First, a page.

Are You Allergic to Your Garden?
Summer of the sneeze. For the 1 in 5 Canadians who suffer from allergies, there is hope.
The garden is a man’s world, thanks to what horticulturalist and author Thomas Leo Ogren calls horticultural sexism: the practice of selling “tidier” male plants that don’t shed seeds and fruit like their female counterparts.
Of course, males are not as innocent as they seem. They disperse pollen and, with increasingly fewer female plants to catch the fine dustlike particles, allergy and asthma rates in North America have soared.
“Female trees are like natural air cleaners, but there’s a lack of them in the planted landscape,” Ogren says.
As allergy specialist Dr. Ross Chang, president of the B.C. Society of Allergy and Immunology, explains, allergies result from a hypersensitivity of the immune system, which is less active with age, though “some patients … develop and have worsening allergies in their 50s and older because of skin, nasal and bronchial mucosal hyperactivity.”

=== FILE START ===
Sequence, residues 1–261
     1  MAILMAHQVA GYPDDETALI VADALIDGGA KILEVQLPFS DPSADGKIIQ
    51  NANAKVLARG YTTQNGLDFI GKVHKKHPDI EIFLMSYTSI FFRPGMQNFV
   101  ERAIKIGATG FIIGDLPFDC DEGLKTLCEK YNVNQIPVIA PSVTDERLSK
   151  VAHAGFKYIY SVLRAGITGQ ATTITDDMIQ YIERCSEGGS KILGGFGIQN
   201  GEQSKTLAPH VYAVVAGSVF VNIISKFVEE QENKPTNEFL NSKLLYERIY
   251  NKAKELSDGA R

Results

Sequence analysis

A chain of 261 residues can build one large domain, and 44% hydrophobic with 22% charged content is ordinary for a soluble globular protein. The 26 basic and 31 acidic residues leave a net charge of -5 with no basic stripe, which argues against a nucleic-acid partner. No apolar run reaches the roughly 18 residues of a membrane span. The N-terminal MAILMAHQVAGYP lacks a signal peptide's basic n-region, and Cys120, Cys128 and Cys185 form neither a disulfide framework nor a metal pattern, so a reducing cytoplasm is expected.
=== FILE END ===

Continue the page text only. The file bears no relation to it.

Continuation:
How to make your garden a healthier place
1. If you look at a juniper or a holly bush at a nursery and there are no berries on it, it’s probably a male.
2. If you have it growing in your yard and it never grows any fruit, then it’s definitely suspect.
Thomas Lee Ogren recently teamed up with allergy medication maker Reactine to raise awareness about the link between the sex of a plant and the potential for allergies. The Ogren Plant Allergy Scale (OPALS) ranges from one to 10, with plants and trees scoring a one being the least allergenic.
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